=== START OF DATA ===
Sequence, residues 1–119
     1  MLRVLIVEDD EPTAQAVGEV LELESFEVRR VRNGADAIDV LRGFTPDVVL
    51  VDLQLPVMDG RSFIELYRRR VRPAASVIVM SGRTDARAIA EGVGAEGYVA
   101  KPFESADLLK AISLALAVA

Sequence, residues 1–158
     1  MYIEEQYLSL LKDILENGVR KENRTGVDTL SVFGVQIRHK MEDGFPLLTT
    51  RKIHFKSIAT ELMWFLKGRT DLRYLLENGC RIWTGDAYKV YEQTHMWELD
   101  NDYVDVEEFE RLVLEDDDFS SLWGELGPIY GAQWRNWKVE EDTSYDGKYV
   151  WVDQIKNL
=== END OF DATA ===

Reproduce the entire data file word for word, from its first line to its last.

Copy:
Sequence, residues 1–119
     1  MLRVLIVEDD EPTAQAVGEV LELESFEVRR VRNGADAIDV LRGFTPDVVL
    51  VDLQLPVMDG RSFIELYRRR VRPAASVIVM SGRTDARAIA EGVGAEGYVA
   101  KPFESADLLK AISLALAVA

Sequence, residues 1–158
     1  MYIEEQYLSL LKDILENGVR KENRTGVDTL SVFGVQIRHK MEDGFPLLTT
    51  RKIHFKSIAT ELMWFLKGRT DLRYLLENGC RIWTGDAYKV YEQTHMWELD
   101  NDYVDVEEFE RLVLEDDDFS SLWGELGPIY GAQWRNWKVE EDTSYDGKYV
   151  WVDQIKNL